I sat in a coffee shop, discussing philosophy over eggs and toast with my sixth grade english teacher. I’ve found that many people have a special relationship with one of their teachers from childhood, and this lovely bearded elementary educator-turned-supersubstitute-turned-thespian was mine.

We had each read “Iron John”, by Robert Bly, a 250pg analysis of the Grimm’s Fairy Tale of the same name that, among other things, taught me how shallowly I had always read fairy tales, and our conversation had meandered toward our unique relationship, as it sometimes did.

We had happened to see Finding Forrester together as I was entering the hardest years of my life (not that I knew it then), and the movie had become a touchstone of our conversations when they turned inward. As a metaphor it was perhaps a bit heavy handed, me the basketball player and he my writing teacher, but it fit us.

But that day, perhaps channeling Bly, he offered a different analogy for our relationship. He said he had always lived his life as a piece of driftwood, floating down the river and following the currents wherever they took him. But I, it seemed to him, charted a course down that same river in a canoe, navigating around any rocks or logs and furiously paddling as if my life depended on it.

At the time, I remember thinking: Damn right I’m paddling. I prided myself on doing more than other people, faster than other people. I was willing to do the things that others weren’t to get the things that others wouldn’t. I hustled as a rule, and that had brought me everything.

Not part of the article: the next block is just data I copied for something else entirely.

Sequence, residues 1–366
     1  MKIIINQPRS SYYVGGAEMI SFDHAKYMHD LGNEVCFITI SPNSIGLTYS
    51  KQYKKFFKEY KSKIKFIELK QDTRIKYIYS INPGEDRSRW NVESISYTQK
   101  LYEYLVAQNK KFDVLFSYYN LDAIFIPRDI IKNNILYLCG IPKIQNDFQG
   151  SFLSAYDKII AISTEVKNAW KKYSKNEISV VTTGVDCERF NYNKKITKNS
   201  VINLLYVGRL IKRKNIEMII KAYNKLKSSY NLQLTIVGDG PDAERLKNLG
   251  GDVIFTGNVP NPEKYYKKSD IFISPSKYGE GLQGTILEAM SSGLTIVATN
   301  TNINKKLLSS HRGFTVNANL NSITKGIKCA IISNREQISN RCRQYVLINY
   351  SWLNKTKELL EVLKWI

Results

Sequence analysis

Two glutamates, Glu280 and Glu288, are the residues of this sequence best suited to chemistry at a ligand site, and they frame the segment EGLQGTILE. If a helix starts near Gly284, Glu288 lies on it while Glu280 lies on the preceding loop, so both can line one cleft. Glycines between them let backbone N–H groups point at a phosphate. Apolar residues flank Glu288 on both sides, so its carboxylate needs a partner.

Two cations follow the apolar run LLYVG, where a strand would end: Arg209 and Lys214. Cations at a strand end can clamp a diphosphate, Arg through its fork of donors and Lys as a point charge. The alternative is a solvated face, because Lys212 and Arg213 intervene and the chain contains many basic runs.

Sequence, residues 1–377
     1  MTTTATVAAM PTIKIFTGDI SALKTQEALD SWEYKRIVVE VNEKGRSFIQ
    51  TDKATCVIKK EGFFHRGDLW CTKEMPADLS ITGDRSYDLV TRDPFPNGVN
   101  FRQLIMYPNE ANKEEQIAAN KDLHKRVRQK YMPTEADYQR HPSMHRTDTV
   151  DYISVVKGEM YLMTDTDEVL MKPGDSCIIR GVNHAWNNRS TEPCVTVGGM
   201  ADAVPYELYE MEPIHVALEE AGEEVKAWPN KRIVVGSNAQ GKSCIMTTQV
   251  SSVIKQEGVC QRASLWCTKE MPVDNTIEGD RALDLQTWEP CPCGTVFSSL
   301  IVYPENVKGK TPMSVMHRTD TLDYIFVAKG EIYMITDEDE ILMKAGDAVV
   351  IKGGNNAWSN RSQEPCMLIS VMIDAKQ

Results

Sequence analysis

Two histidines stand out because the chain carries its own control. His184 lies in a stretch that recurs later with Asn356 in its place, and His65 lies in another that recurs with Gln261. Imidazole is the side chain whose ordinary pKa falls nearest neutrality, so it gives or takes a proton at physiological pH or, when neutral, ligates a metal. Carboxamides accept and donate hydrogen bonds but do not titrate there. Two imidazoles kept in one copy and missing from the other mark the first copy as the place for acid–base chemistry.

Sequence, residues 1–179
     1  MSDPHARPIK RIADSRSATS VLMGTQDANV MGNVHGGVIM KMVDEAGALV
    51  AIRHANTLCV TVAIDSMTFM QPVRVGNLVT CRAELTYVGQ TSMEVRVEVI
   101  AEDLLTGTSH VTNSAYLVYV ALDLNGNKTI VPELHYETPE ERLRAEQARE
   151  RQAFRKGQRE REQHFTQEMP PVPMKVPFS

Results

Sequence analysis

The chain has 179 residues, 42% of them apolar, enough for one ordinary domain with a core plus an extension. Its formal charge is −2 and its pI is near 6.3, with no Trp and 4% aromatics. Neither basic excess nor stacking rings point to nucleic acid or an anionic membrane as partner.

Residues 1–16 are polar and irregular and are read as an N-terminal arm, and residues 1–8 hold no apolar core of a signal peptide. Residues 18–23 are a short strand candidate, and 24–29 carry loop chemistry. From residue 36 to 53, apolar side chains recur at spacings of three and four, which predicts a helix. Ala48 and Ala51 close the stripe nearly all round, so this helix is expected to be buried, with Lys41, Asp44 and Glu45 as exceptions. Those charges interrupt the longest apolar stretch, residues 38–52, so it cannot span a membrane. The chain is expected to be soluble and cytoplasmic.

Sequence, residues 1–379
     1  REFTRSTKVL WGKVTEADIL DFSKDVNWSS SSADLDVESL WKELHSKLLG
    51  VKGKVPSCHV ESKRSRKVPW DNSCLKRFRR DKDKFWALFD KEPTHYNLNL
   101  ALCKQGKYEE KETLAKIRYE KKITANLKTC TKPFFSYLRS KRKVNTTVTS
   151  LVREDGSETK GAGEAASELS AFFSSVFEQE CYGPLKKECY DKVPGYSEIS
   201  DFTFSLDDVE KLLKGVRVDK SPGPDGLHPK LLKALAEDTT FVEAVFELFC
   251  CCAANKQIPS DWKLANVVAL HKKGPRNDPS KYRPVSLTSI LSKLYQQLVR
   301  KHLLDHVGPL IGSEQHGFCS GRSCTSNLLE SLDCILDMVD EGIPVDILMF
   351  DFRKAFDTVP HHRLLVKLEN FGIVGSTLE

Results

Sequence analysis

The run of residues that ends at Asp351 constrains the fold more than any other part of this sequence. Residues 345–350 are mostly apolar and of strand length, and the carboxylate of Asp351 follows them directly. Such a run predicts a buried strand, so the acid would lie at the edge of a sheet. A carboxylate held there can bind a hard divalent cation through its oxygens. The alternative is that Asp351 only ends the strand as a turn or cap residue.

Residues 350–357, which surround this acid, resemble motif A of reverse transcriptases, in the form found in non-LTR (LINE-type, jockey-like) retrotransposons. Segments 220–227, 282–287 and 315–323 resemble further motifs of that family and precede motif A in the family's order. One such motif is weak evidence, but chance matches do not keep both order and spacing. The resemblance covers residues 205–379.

That was about a year ago, and now not so sure I should have taken it as a compliment.

I’ve pushed myself much further down the river than my sixth grade teacher. But the cost of all that pushing was that I never really looked around. I never bothered to see the current, the fish, or the shores. For a long time I accepted that as simply the table stakes of going somewhere in life. To go farther, you had to focus on where you were going, to the detriment of where you were.

But now, I wonder if it’s just more river as far as you go.

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1 year ago

[…] out of fear that I would be left behind by all the people who continued to hustle their lives away. That they would get to some new part of the river that I’d never get to see. But the reality is that artists can be and are overcome by a fever of producing to rival any amount […]

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